Spiky, Brown Worms

We received a reader question a while back about a brown worm that he found. The worm was thick, and about five centimeters long. Although the worm (or caterpillar, as we shall see) was primarily brown, it had a little red on its underside. Most notably, the worm’s exterior looked like a bottlebrush shrub (“bottlebrushes” is an informal term that refers to the shrub species that belong to the Callistemon genus). Not surprisingly, bottlebrushes resemble bottle brushes, which basically look like toilet cleaning brushes, with all the stiff bristles. This is a long way of saying that the worm our reader found had a lot of spiky bristles on it. Since the reader found the worm on his daughter’s bed, he was wondering if the worm was dangerous to children, and also where the worms tend to live.

The reader never asked what the worm was, which is nice because we can’t be sure what our reader found. We were given a nice physical description of the worm, but we don’t have a picture of the creature, and we also don’t know from what part of the world our reader is writing.

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Given that the creature our reader found had tons of bristles on it, there is good chance that he didn’t find a worm at all. Rather, he might have found some type of caterpillar, which frequently have hairs (often called “setae”) on their bodies. To be sure, many worms have setae, but they are very hard to see. Earthworms, for example, have setae on their bodies that help them move, but they are hardly noticeable. Bristle worms, as their informal name implies (they are technically called “polychaetes”), have noticeable bristles on them, but polychaetes are overwhelming marine worms, although there are a few terrestrial species that can live in humid climates. Even so, it seems more likely that our reader found a caterpillar than one of the few species of terrestrial bristle worms.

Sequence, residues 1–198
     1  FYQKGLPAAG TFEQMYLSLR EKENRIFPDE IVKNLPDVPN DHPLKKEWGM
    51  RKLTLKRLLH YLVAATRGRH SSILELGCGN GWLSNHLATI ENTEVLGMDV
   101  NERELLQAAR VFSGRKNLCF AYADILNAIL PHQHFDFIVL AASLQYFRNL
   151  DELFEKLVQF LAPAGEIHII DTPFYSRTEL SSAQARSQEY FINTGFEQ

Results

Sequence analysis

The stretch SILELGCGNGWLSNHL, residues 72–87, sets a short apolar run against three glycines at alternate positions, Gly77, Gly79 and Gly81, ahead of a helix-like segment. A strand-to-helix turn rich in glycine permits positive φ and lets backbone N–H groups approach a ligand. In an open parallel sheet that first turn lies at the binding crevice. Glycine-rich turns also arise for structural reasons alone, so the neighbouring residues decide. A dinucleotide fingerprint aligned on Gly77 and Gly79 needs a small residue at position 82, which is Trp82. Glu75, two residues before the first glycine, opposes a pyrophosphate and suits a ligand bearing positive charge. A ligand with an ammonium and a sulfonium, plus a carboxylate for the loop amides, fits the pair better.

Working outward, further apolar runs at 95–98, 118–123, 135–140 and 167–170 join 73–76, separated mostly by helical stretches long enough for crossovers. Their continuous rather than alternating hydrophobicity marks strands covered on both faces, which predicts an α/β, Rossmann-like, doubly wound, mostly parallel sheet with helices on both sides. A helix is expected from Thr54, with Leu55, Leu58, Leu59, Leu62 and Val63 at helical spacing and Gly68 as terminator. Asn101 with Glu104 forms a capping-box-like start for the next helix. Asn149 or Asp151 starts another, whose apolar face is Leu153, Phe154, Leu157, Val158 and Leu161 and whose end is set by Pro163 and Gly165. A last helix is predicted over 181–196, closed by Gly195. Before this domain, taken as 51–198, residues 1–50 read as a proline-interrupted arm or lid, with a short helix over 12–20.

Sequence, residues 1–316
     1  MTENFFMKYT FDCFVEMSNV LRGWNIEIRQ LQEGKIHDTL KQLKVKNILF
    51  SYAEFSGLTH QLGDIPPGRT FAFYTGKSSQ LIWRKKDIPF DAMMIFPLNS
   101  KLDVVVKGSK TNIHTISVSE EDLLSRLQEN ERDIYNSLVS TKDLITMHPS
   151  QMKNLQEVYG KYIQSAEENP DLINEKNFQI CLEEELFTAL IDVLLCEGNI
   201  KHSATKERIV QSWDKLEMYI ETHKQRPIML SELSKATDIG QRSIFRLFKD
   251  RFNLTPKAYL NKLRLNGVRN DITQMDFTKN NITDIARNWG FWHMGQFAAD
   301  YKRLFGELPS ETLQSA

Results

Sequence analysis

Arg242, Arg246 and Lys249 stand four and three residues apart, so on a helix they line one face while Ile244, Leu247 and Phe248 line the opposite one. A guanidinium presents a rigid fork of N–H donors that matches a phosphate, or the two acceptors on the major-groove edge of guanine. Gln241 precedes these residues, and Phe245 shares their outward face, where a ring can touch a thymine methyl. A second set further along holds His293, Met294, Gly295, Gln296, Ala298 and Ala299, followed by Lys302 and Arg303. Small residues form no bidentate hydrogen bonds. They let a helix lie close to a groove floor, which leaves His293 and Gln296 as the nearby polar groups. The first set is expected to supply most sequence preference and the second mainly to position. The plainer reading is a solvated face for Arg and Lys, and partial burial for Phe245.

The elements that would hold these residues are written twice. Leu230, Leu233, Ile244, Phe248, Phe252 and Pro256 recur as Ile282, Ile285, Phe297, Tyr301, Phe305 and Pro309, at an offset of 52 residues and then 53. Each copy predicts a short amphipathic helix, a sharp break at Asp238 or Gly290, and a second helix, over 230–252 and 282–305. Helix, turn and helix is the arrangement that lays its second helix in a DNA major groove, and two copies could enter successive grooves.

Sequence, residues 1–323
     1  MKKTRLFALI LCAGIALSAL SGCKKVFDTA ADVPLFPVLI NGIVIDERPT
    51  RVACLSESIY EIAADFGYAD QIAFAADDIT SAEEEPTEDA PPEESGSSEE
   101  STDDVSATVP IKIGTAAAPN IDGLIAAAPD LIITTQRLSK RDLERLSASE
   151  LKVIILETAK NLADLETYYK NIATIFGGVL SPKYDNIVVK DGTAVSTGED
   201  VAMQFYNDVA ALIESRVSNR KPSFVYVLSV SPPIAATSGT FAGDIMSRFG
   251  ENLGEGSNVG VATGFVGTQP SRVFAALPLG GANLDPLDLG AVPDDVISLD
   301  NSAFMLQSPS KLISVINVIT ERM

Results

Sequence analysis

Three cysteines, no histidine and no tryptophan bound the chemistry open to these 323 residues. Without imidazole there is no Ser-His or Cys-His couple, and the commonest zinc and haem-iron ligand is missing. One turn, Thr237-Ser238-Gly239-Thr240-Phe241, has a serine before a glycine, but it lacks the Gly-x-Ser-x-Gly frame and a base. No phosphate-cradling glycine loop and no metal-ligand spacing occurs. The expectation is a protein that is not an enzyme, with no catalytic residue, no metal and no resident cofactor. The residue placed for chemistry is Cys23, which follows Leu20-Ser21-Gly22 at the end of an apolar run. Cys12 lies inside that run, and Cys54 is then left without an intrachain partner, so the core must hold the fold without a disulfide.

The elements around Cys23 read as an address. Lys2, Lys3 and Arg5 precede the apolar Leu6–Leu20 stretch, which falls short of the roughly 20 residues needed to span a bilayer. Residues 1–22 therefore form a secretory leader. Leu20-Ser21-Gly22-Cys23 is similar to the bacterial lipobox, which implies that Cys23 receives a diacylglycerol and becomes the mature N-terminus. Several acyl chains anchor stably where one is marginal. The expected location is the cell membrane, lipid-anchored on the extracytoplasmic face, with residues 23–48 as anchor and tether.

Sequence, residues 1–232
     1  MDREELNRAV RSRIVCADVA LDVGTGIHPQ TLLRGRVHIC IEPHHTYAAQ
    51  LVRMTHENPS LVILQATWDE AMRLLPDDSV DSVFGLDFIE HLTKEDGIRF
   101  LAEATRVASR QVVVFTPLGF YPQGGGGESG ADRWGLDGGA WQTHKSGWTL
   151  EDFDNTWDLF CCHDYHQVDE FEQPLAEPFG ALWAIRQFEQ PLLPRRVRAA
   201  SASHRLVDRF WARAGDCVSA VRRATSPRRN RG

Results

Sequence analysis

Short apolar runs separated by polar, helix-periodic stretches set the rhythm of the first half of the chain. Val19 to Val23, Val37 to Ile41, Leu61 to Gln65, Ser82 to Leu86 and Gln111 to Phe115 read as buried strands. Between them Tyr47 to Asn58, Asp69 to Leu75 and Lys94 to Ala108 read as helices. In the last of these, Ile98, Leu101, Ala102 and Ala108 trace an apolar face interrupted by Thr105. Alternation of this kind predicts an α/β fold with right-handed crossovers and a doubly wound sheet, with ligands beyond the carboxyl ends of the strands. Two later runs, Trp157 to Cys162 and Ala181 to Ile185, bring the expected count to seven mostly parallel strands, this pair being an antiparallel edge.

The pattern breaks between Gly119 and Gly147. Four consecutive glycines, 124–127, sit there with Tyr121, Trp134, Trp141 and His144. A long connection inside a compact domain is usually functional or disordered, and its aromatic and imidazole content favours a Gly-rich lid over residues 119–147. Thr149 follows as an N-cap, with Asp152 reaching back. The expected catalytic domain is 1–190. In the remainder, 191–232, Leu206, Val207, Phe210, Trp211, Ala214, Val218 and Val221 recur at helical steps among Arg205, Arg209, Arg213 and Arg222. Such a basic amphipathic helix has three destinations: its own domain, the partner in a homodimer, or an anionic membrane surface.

We do not, however, know what kind of caterpillar he might have found. The reader’s description fairly well matches the caterpillar form (i.e., the larval form) of the yellow-based tussock moth, although the hairs on these caterpillars are often a whitish color. Another candidate is the ruby tiger moth caterpillar. These creatures are almost entirely covered with hairs, and their bodies are a tan, brownish color. Both caterpillars have a presence in North American, although the ruby tiger moth caterpillar can also be found in Europe. Unfortunately, we were unable to find out if these specific caterpillars are poisonous or otherwise harmful to humans. In general, though, humans can safely interact with caterpillars, so we suspect that neither of the two caterpillars listed above is dangerous. As a defense mechanism, many caterpillars look poisonous (at least to the predators they are trying to avoid), but this doesn’t mean that they are in fact poisonous, and in any case the reader obviously wants to make sure his daughter doesn’t eat any caterpillars she may find. When rubbed against the skin, some caterpillars can cause irritation, so you want to avoid touching some species.

We wish we could give our reader a definitive answer to his question, but we simply don’t know enough about the creature he found. All we can say is that he likely found a caterpillar, and that it is probably not dangerous.

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